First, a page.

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So when you are a hacker and you write the most successful financial transaction hacking software in history, what do you do next?
Well, if your are the makers of Backoff, you upgrade it.
There is a new version of Backoff that has been found, and it is called “ROM” or “Backoff ROM”. Like its predecessor, it is designed to steal credit card data from POS systems and send that data to servers on the Internet.
The reason that Backoff ROM is making such a splash is that the communication channel it uses (unlike previous versions) is encrypted. Therefore, several of the successful mechanisms that were used to detect the software and the transmission of credit card data will no longer work.
In other words, it just became more difficult for users to even detect that they have the malware than it was before.
The original software sent data in clear text, and by using a network “sniffer” or Intrusion Detection System it was possible to examine the data traveling over the network, detect credit cards in the stream, and prevent the malicious traffic. Now that Backoff ROM has the ability to encrypt that data, this methodology will no longer work. To a network scanner, encrypted data looks like gibberish.
Therefore, finding a pattern that can be matched up to a credit card is nearly impossible.
So does that mean it is not possible to prevent Backoff ROM? Does everyone who runs a POS system have little to no defense?
The answer is no. You can protect yourself against this threat because Backoff ROM and Backoff have the same basic architecture when it comes to deployment and data exfiltration.
As we stated in our previous blog article about Backoff, the malware is not infectious. This means that it is not a computer virus that can cripple a machine just because a user goes to a dangerous web page. Instead, Backoff must be installed, much like any other application that you would use for legitimate purposes. Therefore, the most common way that Backoff, and its latest variants infiltrate a system is through the use of insecure remote access.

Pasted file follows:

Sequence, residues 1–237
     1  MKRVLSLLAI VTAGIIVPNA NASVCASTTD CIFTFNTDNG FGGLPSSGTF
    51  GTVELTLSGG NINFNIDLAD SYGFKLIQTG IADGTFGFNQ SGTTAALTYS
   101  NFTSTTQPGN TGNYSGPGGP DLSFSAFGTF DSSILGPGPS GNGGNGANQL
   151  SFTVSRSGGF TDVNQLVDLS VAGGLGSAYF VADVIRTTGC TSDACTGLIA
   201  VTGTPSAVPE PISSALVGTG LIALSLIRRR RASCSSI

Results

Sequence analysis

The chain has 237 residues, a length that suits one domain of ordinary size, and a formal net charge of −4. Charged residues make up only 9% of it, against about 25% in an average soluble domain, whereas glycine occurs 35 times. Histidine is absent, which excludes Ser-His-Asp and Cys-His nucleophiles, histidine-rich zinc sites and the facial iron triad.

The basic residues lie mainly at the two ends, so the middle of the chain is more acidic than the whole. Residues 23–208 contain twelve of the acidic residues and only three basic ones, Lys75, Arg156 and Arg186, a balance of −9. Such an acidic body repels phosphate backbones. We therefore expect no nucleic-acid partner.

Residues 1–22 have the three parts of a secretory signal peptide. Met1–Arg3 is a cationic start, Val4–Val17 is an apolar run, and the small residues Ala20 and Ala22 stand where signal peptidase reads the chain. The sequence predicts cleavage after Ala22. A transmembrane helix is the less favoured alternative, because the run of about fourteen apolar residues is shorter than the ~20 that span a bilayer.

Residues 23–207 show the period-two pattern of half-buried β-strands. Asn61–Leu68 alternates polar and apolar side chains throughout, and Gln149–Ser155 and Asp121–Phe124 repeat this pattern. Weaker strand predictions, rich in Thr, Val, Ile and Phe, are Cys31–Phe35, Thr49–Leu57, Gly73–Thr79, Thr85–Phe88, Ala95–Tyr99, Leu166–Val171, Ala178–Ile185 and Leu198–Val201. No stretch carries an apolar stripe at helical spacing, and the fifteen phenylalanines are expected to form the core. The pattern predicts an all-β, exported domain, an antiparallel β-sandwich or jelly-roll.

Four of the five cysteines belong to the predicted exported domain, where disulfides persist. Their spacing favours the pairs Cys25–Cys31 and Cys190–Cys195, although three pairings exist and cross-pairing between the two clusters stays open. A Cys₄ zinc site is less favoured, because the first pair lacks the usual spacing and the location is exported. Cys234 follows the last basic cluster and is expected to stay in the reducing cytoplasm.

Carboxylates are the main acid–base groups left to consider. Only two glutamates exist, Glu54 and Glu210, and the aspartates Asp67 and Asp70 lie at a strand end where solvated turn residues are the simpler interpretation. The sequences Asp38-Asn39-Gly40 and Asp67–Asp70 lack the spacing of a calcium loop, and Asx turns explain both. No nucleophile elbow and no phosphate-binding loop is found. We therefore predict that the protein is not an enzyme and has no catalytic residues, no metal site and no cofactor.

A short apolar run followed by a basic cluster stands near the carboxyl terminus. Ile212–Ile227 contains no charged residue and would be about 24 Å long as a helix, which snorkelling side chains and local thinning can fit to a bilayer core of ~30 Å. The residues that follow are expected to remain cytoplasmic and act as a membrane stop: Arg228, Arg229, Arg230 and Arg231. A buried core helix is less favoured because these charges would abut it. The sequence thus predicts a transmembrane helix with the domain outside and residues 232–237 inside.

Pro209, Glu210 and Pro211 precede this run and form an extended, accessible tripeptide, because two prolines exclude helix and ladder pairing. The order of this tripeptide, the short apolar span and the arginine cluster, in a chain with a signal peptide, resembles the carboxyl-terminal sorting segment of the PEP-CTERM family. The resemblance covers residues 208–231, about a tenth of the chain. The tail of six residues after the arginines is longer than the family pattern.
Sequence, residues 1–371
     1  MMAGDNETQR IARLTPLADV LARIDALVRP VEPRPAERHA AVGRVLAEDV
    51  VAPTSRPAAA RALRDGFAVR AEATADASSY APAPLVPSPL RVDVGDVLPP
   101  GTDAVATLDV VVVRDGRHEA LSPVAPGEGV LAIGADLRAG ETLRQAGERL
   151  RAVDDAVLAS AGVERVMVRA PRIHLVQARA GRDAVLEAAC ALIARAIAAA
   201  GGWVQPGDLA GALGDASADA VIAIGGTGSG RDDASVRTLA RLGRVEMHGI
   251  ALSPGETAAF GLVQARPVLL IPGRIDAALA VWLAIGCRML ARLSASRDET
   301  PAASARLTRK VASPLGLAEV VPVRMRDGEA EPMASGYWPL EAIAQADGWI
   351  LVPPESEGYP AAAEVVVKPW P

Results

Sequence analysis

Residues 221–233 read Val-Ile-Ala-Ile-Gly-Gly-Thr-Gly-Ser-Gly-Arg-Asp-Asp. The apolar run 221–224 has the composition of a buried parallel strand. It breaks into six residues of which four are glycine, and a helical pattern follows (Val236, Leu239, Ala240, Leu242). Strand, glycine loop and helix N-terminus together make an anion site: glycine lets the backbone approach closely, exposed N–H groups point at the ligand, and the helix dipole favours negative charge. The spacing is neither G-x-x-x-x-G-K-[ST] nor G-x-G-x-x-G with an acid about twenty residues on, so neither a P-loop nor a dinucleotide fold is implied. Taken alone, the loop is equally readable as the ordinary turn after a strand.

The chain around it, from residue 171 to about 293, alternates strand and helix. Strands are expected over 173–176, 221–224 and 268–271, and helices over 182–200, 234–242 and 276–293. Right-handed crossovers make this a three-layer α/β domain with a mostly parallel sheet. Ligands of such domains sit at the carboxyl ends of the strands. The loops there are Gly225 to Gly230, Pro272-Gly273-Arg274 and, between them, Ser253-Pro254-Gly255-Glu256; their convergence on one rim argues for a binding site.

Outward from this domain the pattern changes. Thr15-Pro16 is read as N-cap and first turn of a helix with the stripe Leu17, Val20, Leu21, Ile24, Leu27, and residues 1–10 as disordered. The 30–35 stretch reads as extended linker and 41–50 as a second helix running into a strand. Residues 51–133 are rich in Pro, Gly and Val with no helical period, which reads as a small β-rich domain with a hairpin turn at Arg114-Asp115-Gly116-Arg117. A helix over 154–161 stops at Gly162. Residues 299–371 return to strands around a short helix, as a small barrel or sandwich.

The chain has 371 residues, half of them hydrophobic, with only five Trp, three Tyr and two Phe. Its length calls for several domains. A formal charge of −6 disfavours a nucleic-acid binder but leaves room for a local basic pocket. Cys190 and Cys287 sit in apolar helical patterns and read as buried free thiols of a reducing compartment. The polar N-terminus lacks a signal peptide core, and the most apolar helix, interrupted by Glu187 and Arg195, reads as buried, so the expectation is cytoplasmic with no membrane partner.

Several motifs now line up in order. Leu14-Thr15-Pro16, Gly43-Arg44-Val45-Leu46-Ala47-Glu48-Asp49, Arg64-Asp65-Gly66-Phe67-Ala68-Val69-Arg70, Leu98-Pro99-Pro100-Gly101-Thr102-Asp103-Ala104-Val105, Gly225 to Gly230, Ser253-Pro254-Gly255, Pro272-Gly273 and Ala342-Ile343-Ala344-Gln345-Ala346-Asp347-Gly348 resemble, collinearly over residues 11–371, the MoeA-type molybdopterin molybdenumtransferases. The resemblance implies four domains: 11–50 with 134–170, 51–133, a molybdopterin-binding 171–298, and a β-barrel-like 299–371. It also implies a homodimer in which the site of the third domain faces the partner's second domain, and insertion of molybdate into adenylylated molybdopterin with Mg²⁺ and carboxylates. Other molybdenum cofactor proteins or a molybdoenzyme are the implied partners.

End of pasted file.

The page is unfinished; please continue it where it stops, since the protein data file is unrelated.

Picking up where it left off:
The Department of Homeland Security brief about Backoff points out that in a majority of the 1000 businesses that have been affected by Backoff were mainly compromised through the use of remote access that did not have enough security measures in place.
Therefore, the first step is to use good security for remote access. It should require complex passwords, be two factor authenticated, assigned to individual users, and have a mechanism to log access. Requirement 8 in the Payment Card Industry Data Security Standards (PCI DSS) has many components which if they were all being followed would have prevented numerous cases where Backoff managed to penetrate a network.
Click here for a look at the PCI standard if you want to know what the payment card brands expect that you will be doing if you run a retail establishment.
For the most part, Backoff and Backoff ROM tries to capture credit cards in the stream of a POS transaction and then send that data over the Internet. With Backoff ROM, that transmission is now harder to read because it is encrypted, but you can still limit where on the Internet your systems can send data.
Therefore, having restrictive firewall rules that limit outbound traffic from within your point of sale network will be critical in the event that you do have an installation of Backoff on your systems. Strong firewall rules that only allow traffic to known sites will be a great measure that you can take to protect your network from Backoff.
This is why PCI requires (as its first Requirement) strong firewall management.
Our customers have had no data stolen by Backoff because the security measures that are most effective against this software is part of our PCI compliance solutions:
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